Sensory Rehabilitation Garden Project
Oxford Head Injury Services has officially launched the Sensory Rehabilitation Garden project at our Activity and Rehabilitation Centre in Kennington.
It has been a project that we have been wanting to carry out for years. Our Activity and Rehabilitation centre has a garden, which is not currently used to its full potential, which is a real shame.
What difference will it make?
A Sensory Rehabilitation Garden is carefully designed to stimulate all the senses – individually and in combination – of its visitors, as well as providing an appealing experience for sight, smell, touch, taste and sound. As an open and safe space for service users, a sensory garden can serve as a:
- Calming place with a seating area and ambience of calm to relax and recharge
- Therapeutic space for service users to enjoy nature and to recuperate
- Community area to grow Headway’s own flowers, vegetables and fruits.
- Learning experience that appeals to service users’ senses, in which they can learn about nature, gardening and wildlife, increases socialisation and confidence.
As the garden will feature a variety of objects, surfaces, plants, scents, and sounds, it will be an important tool to those affected by brain injury, for learning new or regain lost skills, showing initiative and getting actively involved in upkeeping the garden. Just the act of planting a plant or casting seeds and later watching them grow and flourish, can be the most empowering experience.
Our plans for Headway’s own Sensory Rehabilitation Garden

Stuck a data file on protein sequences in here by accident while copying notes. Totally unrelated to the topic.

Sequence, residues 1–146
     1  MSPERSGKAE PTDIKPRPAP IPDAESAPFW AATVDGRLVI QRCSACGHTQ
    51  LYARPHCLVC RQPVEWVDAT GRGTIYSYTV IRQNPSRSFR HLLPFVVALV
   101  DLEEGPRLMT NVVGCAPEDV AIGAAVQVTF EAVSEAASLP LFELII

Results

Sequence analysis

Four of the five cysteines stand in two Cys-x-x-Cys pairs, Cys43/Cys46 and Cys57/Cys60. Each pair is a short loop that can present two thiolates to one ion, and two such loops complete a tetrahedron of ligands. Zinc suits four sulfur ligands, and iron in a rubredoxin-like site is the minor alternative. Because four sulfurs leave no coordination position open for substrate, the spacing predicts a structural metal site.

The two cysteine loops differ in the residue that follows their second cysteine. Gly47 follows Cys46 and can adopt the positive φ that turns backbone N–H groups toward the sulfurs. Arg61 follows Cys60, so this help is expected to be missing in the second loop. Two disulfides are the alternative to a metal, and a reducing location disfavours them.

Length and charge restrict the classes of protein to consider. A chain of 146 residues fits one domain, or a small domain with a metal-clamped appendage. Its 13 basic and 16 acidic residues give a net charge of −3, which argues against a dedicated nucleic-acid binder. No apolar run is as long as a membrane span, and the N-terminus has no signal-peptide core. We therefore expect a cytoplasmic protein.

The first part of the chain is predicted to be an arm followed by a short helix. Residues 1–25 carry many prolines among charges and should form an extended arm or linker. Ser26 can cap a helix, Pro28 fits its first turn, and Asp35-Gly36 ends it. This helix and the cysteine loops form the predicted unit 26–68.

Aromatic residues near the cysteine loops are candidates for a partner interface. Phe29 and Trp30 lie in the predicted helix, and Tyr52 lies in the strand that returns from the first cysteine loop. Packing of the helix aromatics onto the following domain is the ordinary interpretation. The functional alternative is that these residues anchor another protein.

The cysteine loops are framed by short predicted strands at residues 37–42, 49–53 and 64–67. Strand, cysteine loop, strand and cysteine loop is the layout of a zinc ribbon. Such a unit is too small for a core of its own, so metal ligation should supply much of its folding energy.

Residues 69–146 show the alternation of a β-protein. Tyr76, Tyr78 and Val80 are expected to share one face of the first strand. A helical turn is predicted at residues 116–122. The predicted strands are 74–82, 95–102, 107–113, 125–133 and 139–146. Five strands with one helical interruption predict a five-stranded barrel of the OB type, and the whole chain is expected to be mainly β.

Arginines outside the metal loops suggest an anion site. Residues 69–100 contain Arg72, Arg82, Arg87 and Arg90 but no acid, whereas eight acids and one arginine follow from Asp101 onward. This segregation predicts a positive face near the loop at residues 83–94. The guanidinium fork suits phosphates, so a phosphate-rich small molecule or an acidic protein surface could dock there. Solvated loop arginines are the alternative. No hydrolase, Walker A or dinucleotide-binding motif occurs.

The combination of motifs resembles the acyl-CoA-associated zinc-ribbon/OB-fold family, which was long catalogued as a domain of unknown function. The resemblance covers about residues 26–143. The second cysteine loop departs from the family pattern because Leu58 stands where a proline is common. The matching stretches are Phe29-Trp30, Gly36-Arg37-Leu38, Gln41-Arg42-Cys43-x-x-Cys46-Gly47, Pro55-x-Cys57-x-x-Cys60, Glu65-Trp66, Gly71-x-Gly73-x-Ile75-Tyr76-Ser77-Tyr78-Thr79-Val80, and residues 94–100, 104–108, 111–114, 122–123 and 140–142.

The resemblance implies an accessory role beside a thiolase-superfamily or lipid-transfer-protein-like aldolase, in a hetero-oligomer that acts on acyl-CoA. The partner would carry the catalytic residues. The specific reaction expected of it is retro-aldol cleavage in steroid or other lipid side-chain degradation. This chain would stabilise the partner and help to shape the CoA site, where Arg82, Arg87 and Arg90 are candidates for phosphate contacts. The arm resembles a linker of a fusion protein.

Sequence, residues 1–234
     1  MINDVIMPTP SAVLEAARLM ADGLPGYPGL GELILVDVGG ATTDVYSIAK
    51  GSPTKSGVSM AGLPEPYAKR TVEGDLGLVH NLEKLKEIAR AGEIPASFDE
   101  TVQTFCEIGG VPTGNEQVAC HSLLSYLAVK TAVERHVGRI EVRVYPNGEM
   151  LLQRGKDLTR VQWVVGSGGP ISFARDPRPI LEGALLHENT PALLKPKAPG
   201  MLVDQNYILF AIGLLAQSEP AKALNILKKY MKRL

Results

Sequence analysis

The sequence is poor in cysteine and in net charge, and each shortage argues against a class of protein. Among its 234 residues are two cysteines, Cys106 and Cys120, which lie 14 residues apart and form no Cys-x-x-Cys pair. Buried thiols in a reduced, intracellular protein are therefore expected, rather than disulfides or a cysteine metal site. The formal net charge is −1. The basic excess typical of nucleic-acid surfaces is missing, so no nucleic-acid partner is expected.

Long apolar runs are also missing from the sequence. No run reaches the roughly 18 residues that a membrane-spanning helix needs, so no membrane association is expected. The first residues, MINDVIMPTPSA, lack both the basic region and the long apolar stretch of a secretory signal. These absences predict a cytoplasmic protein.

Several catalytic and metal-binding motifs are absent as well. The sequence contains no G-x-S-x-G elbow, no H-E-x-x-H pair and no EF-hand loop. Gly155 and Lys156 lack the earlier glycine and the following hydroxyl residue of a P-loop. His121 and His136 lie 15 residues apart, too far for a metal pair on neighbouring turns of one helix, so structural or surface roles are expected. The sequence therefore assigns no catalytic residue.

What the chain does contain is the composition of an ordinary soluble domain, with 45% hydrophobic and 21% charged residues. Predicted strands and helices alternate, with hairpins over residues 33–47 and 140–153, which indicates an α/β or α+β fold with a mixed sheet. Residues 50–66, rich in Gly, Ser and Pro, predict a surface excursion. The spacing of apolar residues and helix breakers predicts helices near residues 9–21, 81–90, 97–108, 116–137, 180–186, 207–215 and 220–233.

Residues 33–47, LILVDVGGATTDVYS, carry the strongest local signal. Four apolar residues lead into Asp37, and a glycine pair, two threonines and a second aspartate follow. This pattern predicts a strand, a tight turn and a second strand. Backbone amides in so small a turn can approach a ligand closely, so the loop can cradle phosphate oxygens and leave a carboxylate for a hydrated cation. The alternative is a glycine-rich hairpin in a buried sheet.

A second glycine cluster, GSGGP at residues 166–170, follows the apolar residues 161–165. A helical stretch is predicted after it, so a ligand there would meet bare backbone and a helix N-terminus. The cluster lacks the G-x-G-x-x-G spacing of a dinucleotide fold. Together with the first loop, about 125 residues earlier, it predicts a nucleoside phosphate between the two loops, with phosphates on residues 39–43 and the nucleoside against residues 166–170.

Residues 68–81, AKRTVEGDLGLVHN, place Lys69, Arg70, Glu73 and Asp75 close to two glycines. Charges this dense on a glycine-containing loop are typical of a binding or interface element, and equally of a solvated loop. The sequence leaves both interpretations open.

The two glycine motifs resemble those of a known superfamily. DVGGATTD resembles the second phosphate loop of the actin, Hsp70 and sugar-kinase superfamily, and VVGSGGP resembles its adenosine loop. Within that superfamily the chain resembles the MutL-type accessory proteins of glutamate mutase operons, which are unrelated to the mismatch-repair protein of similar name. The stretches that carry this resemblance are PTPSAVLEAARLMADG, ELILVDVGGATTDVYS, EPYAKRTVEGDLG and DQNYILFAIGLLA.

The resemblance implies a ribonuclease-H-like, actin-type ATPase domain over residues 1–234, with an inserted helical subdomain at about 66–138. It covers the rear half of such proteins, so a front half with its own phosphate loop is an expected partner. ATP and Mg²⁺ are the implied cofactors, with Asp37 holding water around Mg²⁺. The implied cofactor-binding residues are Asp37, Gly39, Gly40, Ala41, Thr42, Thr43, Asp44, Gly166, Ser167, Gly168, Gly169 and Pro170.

The garden will have a seated areas for respite and socialisation, an accessible pathway in the figure of eight, water features, flower beds, a herb garden, visually-pleasing flowers and fruit trees. As well as these features, it is important that the sensory garden has “everyday” features such as a lawnmower and a watering can/ hose to improve our service users’ confidence when integrating back into community life.
The Sensory Rehabilitation Garden will be used primarily by our service users, specifically for people with brain injury, however not limited to the service users. We would like the space to be used by carers as a form of respite. This means that the project will make a significant lasting difference to a range of people within the community. For example, service users may gain their confidence back in a shorter time frame, the garden may teach people new skills such as growing vegetables, and it will certainly increase socialisation – which is one of the most important activities for people with brain injury. Overall, the aim of the garden is to bring happiness to people’s lives and improve recovery following a brain injury.
We are currently seeking grants and donations to go towards this exciting new project. We are thrilled to have received generous donations of £6,900 from Morrisons Plc, a donation of £507 from Play2Give, Plant Pots and soil from Tracey, manager at Homebase and Lavender from Paul, Service User at Oxford Head Injury Services.
We are seeking funding from other sources from trust grants and donations and encouraging people to organise their own corporate or community fundraising challenges too. Therefore, we are launching our Sensory Rehabilitation Garden fundraising campaign.
We have already assigned a gardening professional who will run the project over time and is happy to invest their gardening expertise with our charity’s project.